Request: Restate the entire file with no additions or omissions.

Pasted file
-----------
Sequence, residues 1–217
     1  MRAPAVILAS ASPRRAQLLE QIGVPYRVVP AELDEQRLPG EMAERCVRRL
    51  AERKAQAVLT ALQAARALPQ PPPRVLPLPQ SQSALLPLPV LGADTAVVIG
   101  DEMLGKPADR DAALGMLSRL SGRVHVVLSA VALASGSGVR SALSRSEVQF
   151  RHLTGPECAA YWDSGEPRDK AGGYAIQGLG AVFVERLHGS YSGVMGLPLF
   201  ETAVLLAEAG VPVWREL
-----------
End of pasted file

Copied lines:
Sequence, residues 1–217
     1  MRAPAVILAS ASPRRAQLLE QIGVPYRVVP AELDEQRLPG EMAERCVRRL
    51  AERKAQAVLT ALQAARALPQ PPPRVLPLPQ SQSALLPLPV LGADTAVVIG
   101  DEMLGKPADR DAALGMLSRL SGRVHVVLSA VALASGSGVR SALSRSEVQF
   151  RHLTGPECAA YWDSGEPRDK AGGYAIQGLG AVFVERLHGS YSGVMGLPLF
   201  ETAVLLAEAG VPVWREL